Had a meeting with Paddy for me to pitch my ideas.

This was the basis of my Pitch_to_Paddy

Mobility is NOT location…. see Simons paper

Discussed my ‘Hypothesis’

  • Human mobility patterns are predictable
  • Human proximity patterns are predictable
  • Knowledge of proximity and location makes opportunistic routing more efficient than proximity alone.
  • Proximity and Mobility can be used independantly to achieve the same efficiency in oppotunistic networking.
  • Mobility or Proximity can be discounted when planning opportunistic networking algorithms.
  • There are low complexity algorithms based on vector clocks that can be used for routing
  • Any given node will only need to communicate with with other nodes that they know (friends), or want to know (friends of friends).
    • Paddy suggested this might be a bit like a DNS tree, which hands off knowledge
    • Also experiments need to establish that a friend or a friends of a friends knowledge is enough to route
    • Might establish that 3 degrees is more than enouhg
    • tradeoff = you can get better efficiency if you give more coverage of the network

Local Metrics

Using vector clocks –

Range – how many hops away – build a knowledge about the network using information in the vector clocks – how do you do that? This is a PhD part.

How do we determine the important nodes? – the Aaron Quigley effect.

Nodes in your ball of radius = sphere of interest = friends, +1 hop = friends of friends, +1 = everyone else.

Dig out reviews on DTN’s – especially patterns  – but paddy thinks that the notion of location and proximity have never been used, but the patterning structures e.g. highly important update nodes.  So i need to look at ways of discovering special nodes. How do they determine that . Location thing seems to be different- find a review.

Mobility as opposed to location – gives your prediction element.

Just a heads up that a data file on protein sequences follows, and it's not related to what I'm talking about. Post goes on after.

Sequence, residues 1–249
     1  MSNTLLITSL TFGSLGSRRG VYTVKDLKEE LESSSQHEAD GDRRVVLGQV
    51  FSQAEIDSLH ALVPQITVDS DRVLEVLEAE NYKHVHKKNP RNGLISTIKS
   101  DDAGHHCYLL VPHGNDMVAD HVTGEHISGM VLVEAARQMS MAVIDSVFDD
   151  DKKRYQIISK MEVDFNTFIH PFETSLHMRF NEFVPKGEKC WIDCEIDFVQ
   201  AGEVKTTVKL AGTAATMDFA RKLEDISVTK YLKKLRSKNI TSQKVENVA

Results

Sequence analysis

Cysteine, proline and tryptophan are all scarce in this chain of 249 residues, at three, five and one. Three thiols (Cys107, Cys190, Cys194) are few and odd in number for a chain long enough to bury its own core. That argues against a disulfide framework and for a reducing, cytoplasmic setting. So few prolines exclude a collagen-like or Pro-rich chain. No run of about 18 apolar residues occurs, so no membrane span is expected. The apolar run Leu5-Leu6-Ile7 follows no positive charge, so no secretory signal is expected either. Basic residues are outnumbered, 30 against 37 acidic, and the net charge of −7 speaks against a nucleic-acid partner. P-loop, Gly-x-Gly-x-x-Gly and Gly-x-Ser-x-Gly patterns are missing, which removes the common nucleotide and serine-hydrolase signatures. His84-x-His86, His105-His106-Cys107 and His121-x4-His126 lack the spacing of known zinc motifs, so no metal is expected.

Limit the range of forward projection.

Datasets

Email GW to see if he can get a public dataset. – sign over under NDA?

Email Barry Smith to see if he knows of any datasets we can use. – Vodaphone dataset?

Email Aaron Quigley – he will know if there is any publicly available – his masters student has access to a corporate travel dataset.

Also – see Simons Paper about location.

Look up Intel Placelab dataset

Email knox to see what datasets he might have.

Progression

Paddy not sure where the Vector clocks fit in

Is it a novel implemenation mech. – i.e. am I going to use vector clocks in this thing.

I want to make a prototype. – paddy likes the idea – there are some hard questions – some novelty in there. This parts Understanding how to frame solid hypothesis. reading reviews. building exp structure, breaking out a few bits – vector clocks, heuristics about making decisions, how it all fits together.

Ideas about locations

Not fully formed so need to think a bit more about it

Future

We can turn the VC thing on its head, and make it useful for proximity and location.

I want to build prototype

Need to be careful not to spend too much time comparing to existing things if they are not really related.

Important thing is does it matter where you are when I pass you a message  – as proximity and mobility are the same – do I pass it to you because i know you see that person, or because I know you will be in the same location as that person.

Nodes can predict their own positions – share this information with other nodes – paddy suggested sharing based on the types of people – e.g. friends get detailed info, FOAF get  obfuscated location, others get much broader information.